Welch retires

StanChart's Tom Welch steps down

Veteran banker Tom Welch retires as global head of equity syndicate after four years with Standard Chartered.
Tom Welch, the Hong Kong-based global head of equity syndicate, has retired from Standard Chartered just as the top management of the troubled UK lender face increased scrutiny from investors.  
Welch joined Standard Chartered from Deutsche Bank in July 2010 as global head of cash equity sales before moving to his syndicate role in September last year. He replaced Natalie Brink who was promoted to global head of equity corporate management.
Welch’s departure after more than 20 years as a banker was announced to Standard Chartered staff on October 31.
A former colleague said the move had been expected and the transition process was well-prepared. He added that suggestions that Welch was permanently retiring from the industry were premature. For the time being he is taking a “well-deserved break in his career,” a source familiar with the situation said.
Welch was head of research sales for Asia, ex-Japan, at Deutsche Bank. His career also included long spells in equity sales at Merrill Lynch and Morgan Stanley.
Karoonyavanich steps up
Anuruk (“Art”) Karoonyavanich is Standard Chartered’s new global head of equity syndicate and will report, as Welch did, to A. Rajagopal, the bank's global head of equity capital markets. 
Previously Karoonyavanich was Standard Chartered's head of ECM, Southeast Asia, and based in Singapore.
Prior to that role he was Nomura’s head of ECM, Southeast Asia, from 2008 to 2011. He also held several positions at Lehman Brothers between 1999 and 2008 in Bangkok, Hong Kong and Singapore, where his final job was head of ECM, Southeast Asia.
Karoonyavanich (pictured below) has been closely involved in several significant ECM deals in the past year, including Frasers Hospitality Trust's initial public offering in June, Suntec's share placement in March and the OUE Commercial REIT IPO at the beginning of the year.
In addition, he worked on the syndication of the UMW Oil and Gas (Malaysia) IPO in October, the True Telecom Growth Infrastructure Fund (Thailand) IPO in December 2013 and the Manila Electric (Philippines) placement in July last year.
However, Standard Chartered has struggled to maintain the momentum it built up in the ECM business in the wake of the 2008 financial crisis, when its relatively solid balance sheet gave it an edge over weaker banks still licking their wounds.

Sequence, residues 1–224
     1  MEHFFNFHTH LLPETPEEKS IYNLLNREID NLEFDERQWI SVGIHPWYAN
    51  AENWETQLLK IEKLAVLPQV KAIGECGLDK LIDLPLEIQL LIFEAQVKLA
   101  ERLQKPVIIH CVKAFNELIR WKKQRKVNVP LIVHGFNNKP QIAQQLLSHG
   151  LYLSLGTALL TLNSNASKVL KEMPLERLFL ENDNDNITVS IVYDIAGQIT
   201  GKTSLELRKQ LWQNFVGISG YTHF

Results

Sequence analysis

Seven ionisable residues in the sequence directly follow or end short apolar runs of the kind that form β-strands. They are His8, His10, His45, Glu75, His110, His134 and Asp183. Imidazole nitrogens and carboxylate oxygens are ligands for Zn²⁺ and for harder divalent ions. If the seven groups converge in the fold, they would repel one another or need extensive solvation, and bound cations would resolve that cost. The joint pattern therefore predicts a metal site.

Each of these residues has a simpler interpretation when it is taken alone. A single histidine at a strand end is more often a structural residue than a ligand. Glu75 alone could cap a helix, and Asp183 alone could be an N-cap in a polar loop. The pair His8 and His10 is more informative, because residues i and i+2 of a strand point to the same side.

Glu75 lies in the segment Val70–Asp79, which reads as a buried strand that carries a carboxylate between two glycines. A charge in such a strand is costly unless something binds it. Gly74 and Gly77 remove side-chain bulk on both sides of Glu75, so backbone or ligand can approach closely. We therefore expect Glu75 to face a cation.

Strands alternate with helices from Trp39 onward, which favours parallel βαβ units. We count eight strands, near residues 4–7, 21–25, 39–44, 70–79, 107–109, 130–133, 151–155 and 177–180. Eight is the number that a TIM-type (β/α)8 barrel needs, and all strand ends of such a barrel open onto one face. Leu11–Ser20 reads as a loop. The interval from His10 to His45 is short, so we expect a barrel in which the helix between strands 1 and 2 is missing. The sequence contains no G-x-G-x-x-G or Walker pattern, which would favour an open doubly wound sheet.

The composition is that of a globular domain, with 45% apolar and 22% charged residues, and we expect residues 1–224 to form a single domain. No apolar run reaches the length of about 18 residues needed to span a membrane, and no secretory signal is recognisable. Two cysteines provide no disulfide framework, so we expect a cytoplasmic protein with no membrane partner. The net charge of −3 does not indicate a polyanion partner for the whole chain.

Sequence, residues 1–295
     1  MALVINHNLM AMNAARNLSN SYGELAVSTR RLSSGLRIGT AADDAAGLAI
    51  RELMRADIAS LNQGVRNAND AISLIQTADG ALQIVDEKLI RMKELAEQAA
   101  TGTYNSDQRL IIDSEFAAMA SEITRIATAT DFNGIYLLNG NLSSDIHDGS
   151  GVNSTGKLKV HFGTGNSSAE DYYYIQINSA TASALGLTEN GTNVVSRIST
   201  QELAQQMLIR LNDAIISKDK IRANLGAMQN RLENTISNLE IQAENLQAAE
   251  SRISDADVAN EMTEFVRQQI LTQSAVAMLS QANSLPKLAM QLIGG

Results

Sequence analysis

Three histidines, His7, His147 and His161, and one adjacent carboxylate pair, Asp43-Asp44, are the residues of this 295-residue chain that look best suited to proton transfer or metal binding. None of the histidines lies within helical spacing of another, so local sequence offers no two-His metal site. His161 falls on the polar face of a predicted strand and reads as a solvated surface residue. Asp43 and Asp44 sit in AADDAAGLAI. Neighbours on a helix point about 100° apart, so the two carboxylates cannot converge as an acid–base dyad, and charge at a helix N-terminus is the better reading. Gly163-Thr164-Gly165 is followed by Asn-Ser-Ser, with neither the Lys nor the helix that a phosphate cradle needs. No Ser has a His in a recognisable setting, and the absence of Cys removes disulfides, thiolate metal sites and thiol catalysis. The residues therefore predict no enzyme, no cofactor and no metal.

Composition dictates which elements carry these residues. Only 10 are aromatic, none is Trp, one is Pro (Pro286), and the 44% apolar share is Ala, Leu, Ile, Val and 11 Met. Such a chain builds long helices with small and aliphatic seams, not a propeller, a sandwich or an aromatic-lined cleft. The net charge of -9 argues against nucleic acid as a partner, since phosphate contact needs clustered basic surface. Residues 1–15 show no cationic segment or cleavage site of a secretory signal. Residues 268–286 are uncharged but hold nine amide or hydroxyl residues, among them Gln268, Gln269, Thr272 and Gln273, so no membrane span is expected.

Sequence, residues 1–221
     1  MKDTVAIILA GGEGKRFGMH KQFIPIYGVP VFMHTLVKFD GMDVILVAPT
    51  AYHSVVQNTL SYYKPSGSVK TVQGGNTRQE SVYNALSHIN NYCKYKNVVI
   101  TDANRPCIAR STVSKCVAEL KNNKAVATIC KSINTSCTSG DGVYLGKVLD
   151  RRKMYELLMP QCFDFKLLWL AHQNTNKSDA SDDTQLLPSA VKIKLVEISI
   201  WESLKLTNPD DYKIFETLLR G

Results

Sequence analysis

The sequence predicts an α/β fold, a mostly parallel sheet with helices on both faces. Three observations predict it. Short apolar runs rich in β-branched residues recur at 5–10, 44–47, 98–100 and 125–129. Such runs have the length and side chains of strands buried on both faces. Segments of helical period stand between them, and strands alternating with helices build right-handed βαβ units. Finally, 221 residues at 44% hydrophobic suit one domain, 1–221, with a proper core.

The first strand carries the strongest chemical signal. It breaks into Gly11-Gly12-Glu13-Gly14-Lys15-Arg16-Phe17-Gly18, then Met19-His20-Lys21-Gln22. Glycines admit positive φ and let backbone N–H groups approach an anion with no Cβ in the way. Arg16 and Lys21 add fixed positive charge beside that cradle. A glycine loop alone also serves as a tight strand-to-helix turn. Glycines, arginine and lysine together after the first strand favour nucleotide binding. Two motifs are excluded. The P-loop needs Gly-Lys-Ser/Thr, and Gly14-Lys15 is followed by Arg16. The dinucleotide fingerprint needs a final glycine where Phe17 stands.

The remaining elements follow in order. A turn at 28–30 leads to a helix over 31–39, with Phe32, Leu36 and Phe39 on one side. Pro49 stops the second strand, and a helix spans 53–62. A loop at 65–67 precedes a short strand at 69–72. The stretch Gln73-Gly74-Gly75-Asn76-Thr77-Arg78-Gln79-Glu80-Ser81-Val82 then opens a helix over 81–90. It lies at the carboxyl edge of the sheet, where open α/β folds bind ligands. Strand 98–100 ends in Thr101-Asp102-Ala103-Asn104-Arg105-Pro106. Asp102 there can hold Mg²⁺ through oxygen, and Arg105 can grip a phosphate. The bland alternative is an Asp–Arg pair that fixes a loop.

In 2010 it was ranked 36th for global ECM transactions but in the year-to-end-September it slumped to 51st in the league table, participating as bookrunner in only 21 deals worth $1.84 billion, equivalent to just 0.2% of total volumes, according to Dealogic data.
Its share of ECM activity in Asia is stronger – currently ranked 21st for the same period – but still not among the major players, Dealogic data shows.
On the other hand, Standard Chartered is a top-10 bookrunner for debt capital market deals in Asia and has a substantial niche presence in several emerging countries within the region, arranging local currency denominated bond placements.
Mounting pressure
For the bank as a whole it's been a tough 2014. Standard Chartered’s chief executive Peter Sands and chairman Sir John Peace are under mounting pressure as the bank recoils from a mix of scandal and weak earnings.
The bank’s share price plunged by around 16% last week and has dropped 31% since the start of the year.
Its third-quarter pretax profits fell 16% from a year earlier and its second half is expected to show further declines as the bank is forced to pay escalating regulatory, legal and compliance costs.
Worsening the management’s headaches, U.S. prosecutors have reopened investigations to decide whether the bank withheld evidence of Iran sanctions violations, according to Bloomberg. 
Standard Chartered agreed in August 2012 to pay $340 million to the New York Department of Financial Services for its role in disguising the identity of Iranian clients in billions of dollars of wire transfers.
Sands will meet the bank’s investors in Hong Kong this month, where he is expected to face questions about the bank's strategy and capital position.
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